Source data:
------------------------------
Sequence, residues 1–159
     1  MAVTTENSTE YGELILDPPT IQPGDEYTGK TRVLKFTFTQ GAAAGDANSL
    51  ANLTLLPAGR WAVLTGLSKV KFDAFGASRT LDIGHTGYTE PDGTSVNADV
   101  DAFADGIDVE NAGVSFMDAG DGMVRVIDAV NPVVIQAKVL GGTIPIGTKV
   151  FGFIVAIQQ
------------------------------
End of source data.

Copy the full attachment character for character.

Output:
Sequence, residues 1–159
     1  MAVTTENSTE YGELILDPPT IQPGDEYTGK TRVLKFTFTQ GAAAGDANSL
    51  ANLTLLPAGR WAVLTGLSKV KFDAFGASRT LDIGHTGYTE PDGTSVNADV
   101  DAFADGIDVE NAGVSFMDAG DGMVRVIDAV NPVVIQAKVL GGTIPIGTKV
   151  FGFIVAIQQ